There are two general categories of visas: IMMIGRANT and NON-IMMIGRANT visas. The immigrant visas allow people to immigrate into the United States. The non-immigrant visas allow people to do many other activities including travel, work, study, etc.
Non-work, Non-immigrant Visas
The most popular visa of this type is the B-2 "visitor for pleasure" visa. By the way, this is the most popular visa for people to come into the United States. Usually this visa is acquired through an American embassy overseas and immigration lawyers do not get involved with the application. Consequently when the visitor arrives in the US he/she may wind up doing something which he/she is not authorized to do, or not be aware what he/she can do with the B-2 visa.
Immigration lawyers are concerned with their clients maintaining legal status. I believe, if possible, that people should work with an immigration lawyer at this is stage so it can be determined if the purpose of their intended use is satisfied by the B-2 visa.
The B-2 visa is issued to an alien, other than a student, or a skilled or unskilled laborer. The "B" classification is not meant to be a catch-all category for everyone who wants to come to the United States.
Students cannot use a "B" visa to enter.
I have people ask me to help them get relatives into the US for a visit. One of my clients is about ready to have a baby and she and her husband want her mother to visit from a near-East country. This visa is very deceptive, and, if it is not approved by the officer at the embassy, there may be no formal appeal. It is a good decision to work with an immigration lawyer.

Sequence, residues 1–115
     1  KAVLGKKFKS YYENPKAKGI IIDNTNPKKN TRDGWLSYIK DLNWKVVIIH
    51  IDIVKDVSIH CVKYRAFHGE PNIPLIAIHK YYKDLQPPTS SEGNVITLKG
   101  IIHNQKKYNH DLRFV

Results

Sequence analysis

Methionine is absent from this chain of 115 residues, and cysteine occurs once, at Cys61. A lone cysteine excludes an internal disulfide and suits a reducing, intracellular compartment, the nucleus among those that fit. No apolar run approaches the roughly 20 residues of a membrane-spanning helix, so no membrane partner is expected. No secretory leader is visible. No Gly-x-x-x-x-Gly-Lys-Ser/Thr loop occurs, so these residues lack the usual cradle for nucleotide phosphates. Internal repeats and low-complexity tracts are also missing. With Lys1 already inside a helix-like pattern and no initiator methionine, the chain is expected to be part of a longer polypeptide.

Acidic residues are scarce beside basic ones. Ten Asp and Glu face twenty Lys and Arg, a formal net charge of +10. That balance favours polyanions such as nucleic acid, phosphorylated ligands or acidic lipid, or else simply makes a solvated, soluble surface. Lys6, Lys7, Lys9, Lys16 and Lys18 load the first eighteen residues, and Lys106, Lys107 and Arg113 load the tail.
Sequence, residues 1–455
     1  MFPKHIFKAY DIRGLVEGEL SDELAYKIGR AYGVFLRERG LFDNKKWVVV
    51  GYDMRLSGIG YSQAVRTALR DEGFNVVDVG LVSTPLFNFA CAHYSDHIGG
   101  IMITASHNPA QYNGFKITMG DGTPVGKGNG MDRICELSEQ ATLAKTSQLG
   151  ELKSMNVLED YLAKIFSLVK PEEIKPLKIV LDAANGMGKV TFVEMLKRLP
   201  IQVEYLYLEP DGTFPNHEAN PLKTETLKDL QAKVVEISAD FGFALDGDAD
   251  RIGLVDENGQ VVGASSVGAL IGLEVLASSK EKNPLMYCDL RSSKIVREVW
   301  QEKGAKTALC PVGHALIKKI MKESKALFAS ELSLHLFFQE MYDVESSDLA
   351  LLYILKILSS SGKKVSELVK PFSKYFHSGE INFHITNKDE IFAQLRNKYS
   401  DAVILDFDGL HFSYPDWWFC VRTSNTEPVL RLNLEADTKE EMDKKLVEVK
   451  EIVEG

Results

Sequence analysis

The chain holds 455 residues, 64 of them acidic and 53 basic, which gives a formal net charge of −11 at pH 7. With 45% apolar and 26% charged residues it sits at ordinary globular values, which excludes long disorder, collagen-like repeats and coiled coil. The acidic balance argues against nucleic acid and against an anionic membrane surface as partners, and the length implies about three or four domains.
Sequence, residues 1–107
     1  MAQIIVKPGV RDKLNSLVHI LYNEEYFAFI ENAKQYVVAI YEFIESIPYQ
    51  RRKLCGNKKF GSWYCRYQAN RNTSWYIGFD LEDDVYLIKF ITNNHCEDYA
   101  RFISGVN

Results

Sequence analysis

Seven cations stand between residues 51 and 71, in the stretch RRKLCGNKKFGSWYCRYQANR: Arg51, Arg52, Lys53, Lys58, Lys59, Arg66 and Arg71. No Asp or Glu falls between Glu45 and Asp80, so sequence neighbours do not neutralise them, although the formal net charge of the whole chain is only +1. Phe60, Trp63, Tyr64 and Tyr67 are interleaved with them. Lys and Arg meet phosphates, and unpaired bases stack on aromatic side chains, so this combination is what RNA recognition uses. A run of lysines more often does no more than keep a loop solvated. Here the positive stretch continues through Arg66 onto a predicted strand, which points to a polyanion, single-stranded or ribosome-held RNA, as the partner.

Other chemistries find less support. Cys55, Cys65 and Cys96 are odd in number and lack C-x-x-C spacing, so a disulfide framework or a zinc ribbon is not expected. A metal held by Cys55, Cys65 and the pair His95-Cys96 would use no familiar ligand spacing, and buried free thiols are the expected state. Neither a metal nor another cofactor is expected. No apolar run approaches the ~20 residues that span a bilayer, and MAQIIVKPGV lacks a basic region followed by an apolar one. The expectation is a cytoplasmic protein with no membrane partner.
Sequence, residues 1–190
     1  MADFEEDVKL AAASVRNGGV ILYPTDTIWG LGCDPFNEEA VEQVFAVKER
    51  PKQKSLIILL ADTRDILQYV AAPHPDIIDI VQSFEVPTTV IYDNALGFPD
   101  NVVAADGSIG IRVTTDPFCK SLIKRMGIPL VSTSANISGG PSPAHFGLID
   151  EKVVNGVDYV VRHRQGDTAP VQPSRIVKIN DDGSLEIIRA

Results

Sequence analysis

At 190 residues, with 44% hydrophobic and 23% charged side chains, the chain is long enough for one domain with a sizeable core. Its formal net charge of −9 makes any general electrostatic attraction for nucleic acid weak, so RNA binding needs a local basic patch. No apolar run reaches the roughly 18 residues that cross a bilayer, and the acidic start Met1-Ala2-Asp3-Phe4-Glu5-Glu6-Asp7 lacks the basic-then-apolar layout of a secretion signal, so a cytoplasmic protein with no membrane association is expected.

The B-2 visa is applied for at a United States Embassy on a form OF-156.
An interview process usually takes place at the embassy. The embassy officer, usually a non-immigrant officer, interviews (questions) the alien to make sure that the alien has a residence in a country other than the United States and that the alien has no intention of abandoning that residence. The officer wants to make sure the B-2 visa will be used mainly for pleasure travel.
The visa can get an initial admission for a one year maximum, with six months extensions.
When the alien enters the US, he/she reaches an Immigration and Naturalization Service check point where an INS officer issues an I-94 card. This card restricts or limits the duration of the stay. It is, or course, possible to increase the stay while in the United States. My office would be happy to help you with this if you have questions about the process. Click "B-2 visa" to contact my office regarding obtaining a B-2 visa or to extend your stay while in the United States,.
Since the Visa Waiver Pilot Program was instituted in 1987, it has become difficult for aliens from participating countries* to obtain a B-2 visa. People from these qualifying countries have a waiver and are allowed to come in for a period of time, but not in excess of 90 days. Applicants for B-2 visas from these countries usually have to show that they have enough money to stay in the United States and show their itinerary of travel. It would be helpful to contact my office to assist you in gathering the proper documentation.
*Participating countries: Andorra, Argentina, Australia, Austria, Belgium, Brunei, Denmark, Finland, France, Germany, Iceland, Ireland, Italy, Japan, Liechtenstein, Luxembourg, Monaco, Netherlands, New Zealand, Norway, San Marino, Slovenia, Spain, Sweden, Switzerland and the U.K.